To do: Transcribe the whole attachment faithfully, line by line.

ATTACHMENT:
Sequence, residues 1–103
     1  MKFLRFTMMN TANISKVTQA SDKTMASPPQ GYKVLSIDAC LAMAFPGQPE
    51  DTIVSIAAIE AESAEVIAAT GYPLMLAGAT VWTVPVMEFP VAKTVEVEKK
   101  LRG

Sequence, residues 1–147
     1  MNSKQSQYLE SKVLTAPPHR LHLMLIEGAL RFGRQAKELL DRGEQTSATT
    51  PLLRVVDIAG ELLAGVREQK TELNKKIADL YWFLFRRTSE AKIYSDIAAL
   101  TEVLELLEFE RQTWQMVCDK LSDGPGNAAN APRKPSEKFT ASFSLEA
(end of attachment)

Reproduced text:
Sequence, residues 1–103
     1  MKFLRFTMMN TANISKVTQA SDKTMASPPQ GYKVLSIDAC LAMAFPGQPE
    51  DTIVSIAAIE AESAEVIAAT GYPLMLAGAT VWTVPVMEFP VAKTVEVEKK
   101  LRG

Sequence, residues 1–147
     1  MNSKQSQYLE SKVLTAPPHR LHLMLIEGAL RFGRQAKELL DRGEQTSATT
    51  PLLRVVDIAG ELLAGVREQK TELNKKIADL YWFLFRRTSE AKIYSDIAAL
   101  TEVLELLEFE RQTWQMVCDK LSDGPGNAAN APRKPSEKFT ASFSLEA